[Guest post by DRJ]
Jeff Skilling was an Enron CEO convicted on 19 criminal counts in connection the collapse of Enron. He appealed his conviction, and oral argument is set for today in the Fifth Circuit Court of Appeals. Some legal experts believe he has a good chance to have his convictions set aside:
“Jeff Skilling suffered a knockout when he faced a Houston federal court jury two years ago. But he’s flexing more potent muscle in his appeal, scheduled for court argument today.
Thanks to an appeals ruling in a separate Enron case, issued less than two months after Skilling was convicted in 2006, legal experts say Skilling has a strong chance to get most — and perhaps all — of his 19 convictions overturned.”
The prosecution’s theory was that “Skilling was guilty of conspiracy to commit wire and securities fraud by perpetuating Enron’s illusion of health through fraud and lies.” Under this theory, Skilling’s actions robbed Enron of Skilling’s “honest services.”
However, Skilling didn’t steal money or property from Enron, and Skilling’s appeal claims it was error to charge that his behavior robbed Enron of his “honest services” based on a 2006 Fifth Circuit decision that required the taking of money or property:
“Soon after Skilling’s trial, an appeals panel rejected the “honest services” theory prosecutors used in gaining convictions against participants in Enron’s sale of three barge-mounted power plants, which the government alleged was a disguised loan.
The 2-1 ruling said that the “honest services” issue didn’t apply because the defendants didn’t steal, embezzle or otherwise take money or property, and their actions were aligned with corporate goals.”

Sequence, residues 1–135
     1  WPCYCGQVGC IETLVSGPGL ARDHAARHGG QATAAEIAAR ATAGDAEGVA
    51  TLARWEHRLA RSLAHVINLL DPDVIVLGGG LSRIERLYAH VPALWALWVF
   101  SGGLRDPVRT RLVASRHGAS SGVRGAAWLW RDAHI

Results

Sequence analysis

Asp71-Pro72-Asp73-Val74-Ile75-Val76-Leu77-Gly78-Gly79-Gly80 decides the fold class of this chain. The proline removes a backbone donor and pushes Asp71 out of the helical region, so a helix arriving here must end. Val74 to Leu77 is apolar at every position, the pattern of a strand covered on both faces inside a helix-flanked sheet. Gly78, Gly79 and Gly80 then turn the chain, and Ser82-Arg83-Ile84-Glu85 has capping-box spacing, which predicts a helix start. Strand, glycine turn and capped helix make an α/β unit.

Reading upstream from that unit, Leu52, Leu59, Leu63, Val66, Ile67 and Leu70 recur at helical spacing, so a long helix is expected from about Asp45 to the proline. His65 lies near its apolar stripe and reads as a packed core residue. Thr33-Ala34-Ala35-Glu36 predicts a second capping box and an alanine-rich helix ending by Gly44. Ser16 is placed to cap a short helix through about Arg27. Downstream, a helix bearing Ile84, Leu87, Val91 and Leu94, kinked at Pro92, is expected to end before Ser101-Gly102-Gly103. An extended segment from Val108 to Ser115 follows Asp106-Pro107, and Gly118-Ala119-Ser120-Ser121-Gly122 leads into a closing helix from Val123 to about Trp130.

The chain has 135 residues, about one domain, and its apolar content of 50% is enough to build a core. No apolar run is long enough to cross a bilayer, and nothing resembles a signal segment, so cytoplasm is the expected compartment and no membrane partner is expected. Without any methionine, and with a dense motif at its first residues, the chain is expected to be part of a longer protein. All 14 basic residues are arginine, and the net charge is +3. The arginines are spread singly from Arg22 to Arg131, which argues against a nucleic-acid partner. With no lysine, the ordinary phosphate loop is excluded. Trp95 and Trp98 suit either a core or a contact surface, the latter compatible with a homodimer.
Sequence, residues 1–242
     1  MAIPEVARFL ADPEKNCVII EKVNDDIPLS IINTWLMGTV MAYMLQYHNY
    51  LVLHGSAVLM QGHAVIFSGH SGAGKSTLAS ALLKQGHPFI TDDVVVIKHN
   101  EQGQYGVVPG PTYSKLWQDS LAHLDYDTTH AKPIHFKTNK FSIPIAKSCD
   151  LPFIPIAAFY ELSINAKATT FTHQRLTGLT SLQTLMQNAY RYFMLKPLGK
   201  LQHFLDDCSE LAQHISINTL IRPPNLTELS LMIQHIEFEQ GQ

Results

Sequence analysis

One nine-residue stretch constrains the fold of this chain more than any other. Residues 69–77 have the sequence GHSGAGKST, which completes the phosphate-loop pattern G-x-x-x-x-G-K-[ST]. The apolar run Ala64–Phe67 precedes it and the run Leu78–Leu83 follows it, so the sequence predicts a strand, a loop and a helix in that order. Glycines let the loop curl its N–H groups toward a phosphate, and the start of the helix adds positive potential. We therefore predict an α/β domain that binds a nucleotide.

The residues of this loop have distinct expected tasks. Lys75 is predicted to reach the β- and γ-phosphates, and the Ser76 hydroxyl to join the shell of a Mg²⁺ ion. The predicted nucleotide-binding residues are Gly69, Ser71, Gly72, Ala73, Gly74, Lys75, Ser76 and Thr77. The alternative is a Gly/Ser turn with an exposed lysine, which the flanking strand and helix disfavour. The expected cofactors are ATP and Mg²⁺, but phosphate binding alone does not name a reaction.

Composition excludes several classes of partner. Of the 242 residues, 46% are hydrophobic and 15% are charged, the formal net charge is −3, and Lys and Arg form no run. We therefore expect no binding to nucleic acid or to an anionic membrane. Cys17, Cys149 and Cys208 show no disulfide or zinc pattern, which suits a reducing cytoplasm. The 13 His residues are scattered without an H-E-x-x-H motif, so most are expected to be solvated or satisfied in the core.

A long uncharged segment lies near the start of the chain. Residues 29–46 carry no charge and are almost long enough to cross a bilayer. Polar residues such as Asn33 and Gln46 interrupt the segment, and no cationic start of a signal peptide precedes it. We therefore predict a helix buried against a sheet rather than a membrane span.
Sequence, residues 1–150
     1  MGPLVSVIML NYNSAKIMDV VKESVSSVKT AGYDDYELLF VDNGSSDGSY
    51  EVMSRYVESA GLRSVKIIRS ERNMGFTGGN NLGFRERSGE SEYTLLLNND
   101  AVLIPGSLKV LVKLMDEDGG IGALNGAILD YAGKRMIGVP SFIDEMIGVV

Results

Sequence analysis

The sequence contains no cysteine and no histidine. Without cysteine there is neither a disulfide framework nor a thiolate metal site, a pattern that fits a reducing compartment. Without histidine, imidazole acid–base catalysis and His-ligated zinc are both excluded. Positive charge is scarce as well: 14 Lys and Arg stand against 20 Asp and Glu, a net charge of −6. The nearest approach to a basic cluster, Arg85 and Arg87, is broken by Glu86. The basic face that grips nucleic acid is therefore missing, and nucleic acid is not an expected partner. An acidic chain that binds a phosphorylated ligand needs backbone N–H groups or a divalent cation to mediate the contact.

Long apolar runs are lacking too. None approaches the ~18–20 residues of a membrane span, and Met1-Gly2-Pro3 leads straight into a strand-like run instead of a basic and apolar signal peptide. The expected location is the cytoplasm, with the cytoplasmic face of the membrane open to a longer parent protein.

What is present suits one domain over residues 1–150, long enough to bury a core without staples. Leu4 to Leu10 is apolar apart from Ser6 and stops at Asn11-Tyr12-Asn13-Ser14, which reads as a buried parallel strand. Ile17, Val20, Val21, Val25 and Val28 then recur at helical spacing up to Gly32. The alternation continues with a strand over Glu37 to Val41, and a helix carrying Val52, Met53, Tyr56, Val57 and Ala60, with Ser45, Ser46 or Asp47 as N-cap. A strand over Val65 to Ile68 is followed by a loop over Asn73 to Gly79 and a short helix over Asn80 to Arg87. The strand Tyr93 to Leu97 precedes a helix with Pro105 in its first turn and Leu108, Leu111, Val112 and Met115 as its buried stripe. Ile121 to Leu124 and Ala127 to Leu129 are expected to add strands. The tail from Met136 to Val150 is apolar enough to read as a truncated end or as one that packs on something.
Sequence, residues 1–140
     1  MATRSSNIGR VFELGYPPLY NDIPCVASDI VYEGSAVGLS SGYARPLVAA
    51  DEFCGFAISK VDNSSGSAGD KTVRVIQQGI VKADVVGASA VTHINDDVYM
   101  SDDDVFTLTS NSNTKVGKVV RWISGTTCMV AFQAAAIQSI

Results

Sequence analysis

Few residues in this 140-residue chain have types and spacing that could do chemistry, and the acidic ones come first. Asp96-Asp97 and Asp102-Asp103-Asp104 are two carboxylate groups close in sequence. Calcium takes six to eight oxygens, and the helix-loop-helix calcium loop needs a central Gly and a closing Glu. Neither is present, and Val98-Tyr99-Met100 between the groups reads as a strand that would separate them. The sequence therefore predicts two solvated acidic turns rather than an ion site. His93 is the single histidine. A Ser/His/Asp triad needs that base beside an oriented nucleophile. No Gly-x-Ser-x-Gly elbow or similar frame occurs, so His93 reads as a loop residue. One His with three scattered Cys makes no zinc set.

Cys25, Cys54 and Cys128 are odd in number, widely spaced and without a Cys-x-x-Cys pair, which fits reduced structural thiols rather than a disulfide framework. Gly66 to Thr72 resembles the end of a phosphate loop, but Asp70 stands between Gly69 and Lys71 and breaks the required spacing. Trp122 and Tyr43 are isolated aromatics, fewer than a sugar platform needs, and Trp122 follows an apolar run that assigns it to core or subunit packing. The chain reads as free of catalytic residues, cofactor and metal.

Skilling claims that “his actions — criminal or not — were aligned with Enron goals to increase its stock price and maintain good relationships with Wall Street.” The government has a different view:
“The government counters that Skilling should be viewed differently from defendants in other Enron cases because as a CEO, he set the fraud agenda rather than followed it. Therefore, he set actions in motion that cannot be seen as consistent with legitimate corporate goals, prosecutors say.
[Peter] Henning, the Wayne State law professor [specializing in corporate law and white-collar crime], said the 2006 ruling didn’t make an exception for CEOs, so it’s unlikely that the panel that hears Skilling’s appeal will do so.”
In 2006, the Fifth Circuit overturned an “honest services” conviction involving Enron official Kevin Howard:
“So far, the government has had trouble getting appellate blessing in Enron cases.
The 5th Circuit upheld former Enron auditing firm Arthur Andersen’s conviction of obstruction of justice in 2004, but the U.S. Supreme Court unanimously reversed it the next year.
And in addition to the 2006 ruling in the barge case, in February another 5th Circuit panel upheld a district judge’s decision to throw out all five convictions against Kevin Howard, the former finance chief for Enron’s broadband division.
That case involved four counts tainted by the honest services theory, which prosecutors conceded should be erased. The fifth count, which prosecutors tried unsuccessfully to restore, also was linked to the others by the same kind of instruction given to jurors in Skilling’s case. 5th Circuit Judge Jerry Smith, one of the judges on the panel that issued the 3-0 decision in Howard’s case, will hear Skilling’s appeal.”
However, one legal analyst believes Skilling’s insider trading conviction – for the sale of 500,000 shares of Enron stock on September 17, 2001, because he believed Enron was in financial trouble – may survive appellate review.
A decision in the case is not expected for some time.